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Implementing decorator templates with Apache Velocity

A couple of years ago I started replacing JSPs with Apache Velocity for generating  HTML in my web applications. The simplicity and speed of Velocity was very appealing to me compared to the complex beast that JSP is.

Compiling JSP to Java, then to byte code and then loading and running it as class obviously must have seemed like a good idea to those who came up with it. For me, it's always been crazy talk.

When designing HTML templates reusability is always an important goal. You want to define your header, menu and footer once and then reuse them for both your front page, article page or about page.

The no-brainer solution to this is to use tags or directives to include common snippets of HTML into the final page. JSP supports this with the @include syntax  or the <jsp:include/> tag:



Like any no-brainer solution this one is not very smart. You end up with brittle and inflexible templates where you need to touch all your templates to do any kind of structural changes to your main design.

A much better solution is to apply the decorator pattern. Instead of pulling in common pieces of HTML everywhere you need them you just specify what's special with this particular page and then apply a decorator template to it. This template will take care of creating the actual design.

There's no built in support for creating decorator templates in JSP, so what used to do was to create a small taglib that would let me define a snippet of HTML as a section and then output that snippet in the design template. I know a lot of people use Sitemesh for this, but I found the taglib solution worked very well for my purpose.



Like JSP, Velocity has no built in support for creating decorator templates. At first I just accepted this situation as a trade-off. With Velocity being so simple, I'd just have to learn to live with all the #incude directives right?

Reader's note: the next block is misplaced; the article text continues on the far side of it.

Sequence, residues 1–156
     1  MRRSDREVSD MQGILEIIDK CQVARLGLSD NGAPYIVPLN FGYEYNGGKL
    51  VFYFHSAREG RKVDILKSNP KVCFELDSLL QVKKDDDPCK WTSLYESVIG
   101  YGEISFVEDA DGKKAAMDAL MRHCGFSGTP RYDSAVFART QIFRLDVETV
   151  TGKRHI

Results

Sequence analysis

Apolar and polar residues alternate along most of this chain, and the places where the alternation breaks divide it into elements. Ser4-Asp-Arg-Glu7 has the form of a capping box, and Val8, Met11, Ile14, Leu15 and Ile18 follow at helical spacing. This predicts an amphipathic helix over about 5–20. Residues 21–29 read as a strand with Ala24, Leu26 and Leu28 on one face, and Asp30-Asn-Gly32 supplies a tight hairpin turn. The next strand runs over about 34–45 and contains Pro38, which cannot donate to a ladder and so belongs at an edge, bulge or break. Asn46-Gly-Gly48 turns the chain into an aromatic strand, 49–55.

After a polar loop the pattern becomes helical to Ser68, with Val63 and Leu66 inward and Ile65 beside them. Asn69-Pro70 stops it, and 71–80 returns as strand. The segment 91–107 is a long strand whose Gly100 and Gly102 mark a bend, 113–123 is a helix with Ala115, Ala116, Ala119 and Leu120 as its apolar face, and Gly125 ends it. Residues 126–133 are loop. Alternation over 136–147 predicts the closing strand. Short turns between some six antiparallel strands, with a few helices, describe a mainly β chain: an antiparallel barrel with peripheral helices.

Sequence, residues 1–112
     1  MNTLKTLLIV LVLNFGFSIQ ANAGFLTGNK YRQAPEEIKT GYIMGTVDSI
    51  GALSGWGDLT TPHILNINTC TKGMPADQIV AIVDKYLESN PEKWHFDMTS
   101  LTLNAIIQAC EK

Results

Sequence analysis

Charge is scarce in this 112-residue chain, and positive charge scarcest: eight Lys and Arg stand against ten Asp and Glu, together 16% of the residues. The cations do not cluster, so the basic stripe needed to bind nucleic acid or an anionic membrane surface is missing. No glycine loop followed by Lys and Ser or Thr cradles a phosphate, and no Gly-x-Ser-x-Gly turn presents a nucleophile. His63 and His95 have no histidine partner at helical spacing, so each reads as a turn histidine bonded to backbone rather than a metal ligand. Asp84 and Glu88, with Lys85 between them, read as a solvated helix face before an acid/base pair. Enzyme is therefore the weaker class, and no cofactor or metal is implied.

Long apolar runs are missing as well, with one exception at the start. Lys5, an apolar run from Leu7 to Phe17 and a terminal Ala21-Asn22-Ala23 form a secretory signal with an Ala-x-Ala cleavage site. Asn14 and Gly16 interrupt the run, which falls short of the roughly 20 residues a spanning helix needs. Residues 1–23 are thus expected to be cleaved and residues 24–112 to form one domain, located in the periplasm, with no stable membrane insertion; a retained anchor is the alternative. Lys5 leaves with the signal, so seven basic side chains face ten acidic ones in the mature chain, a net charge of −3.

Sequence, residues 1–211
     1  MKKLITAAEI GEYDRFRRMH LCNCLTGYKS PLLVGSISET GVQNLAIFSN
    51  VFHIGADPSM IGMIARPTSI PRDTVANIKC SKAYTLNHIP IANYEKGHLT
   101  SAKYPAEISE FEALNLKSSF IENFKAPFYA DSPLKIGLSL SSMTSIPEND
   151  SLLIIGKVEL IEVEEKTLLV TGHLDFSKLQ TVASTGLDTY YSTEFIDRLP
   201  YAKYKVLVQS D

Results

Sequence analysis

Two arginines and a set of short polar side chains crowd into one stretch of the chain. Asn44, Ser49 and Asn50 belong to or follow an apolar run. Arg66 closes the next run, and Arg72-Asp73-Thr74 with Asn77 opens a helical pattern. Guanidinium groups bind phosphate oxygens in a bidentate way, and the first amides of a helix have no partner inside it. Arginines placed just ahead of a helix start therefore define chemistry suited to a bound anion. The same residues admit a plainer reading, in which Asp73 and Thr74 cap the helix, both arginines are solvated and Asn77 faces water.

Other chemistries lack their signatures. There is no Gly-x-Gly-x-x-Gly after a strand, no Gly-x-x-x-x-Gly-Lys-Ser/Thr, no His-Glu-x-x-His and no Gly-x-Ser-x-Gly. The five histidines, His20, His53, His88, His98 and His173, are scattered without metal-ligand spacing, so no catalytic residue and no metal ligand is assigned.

That was until I discovered that Velocity actually has support for custom directives. So now all I had to do was to create a directive that rendered it's body into a string and stored that in the context for later use. This turned out to be very easy:

public class Section extends Directive {
    public String getName() {
        return "section";
    }

    public int getType() {
        return BLOCK;
    }

    public boolean render(InternalContextAdapter context, Writer writer, Node node) throws IOException, ResourceNotFoundException, ParseErrorException, MethodInvocationException {
        ASTReference nameNode = (ASTReference) node.jjtGetChild(0);
        String name = nameNode.getRootString();
        StringWriter sw = new StringWriter();
        node.jjtGetChild(1).render(context, sw);
        context.put(name, sw.toString());
        return true;
    }
}

Now I can create templates like this:

#section($content)
<h1>Content here</h1>
<p>Hello World</p>
#end

#parse("design.vm")  

Registering my #section directive with Velocity was easy. Adding a userDirective property with the name of the directive class did the trick.

Seeing how easy this is and how much better it made my template system I'm amazed that Velocity doesn't already have something like this in its core.


Re: Implementing decorator templates with Apache Velocity

What's wrong with Velocity's layout? I am using layouts together with templates and it does the trick

Re: Implementing decorator templates with Apache Velocity

I'm not sure I understand what you're referring to with "Velcoity's templates".

Perhaps you could share a bit more details about how you go about creating layouts with Velocity?


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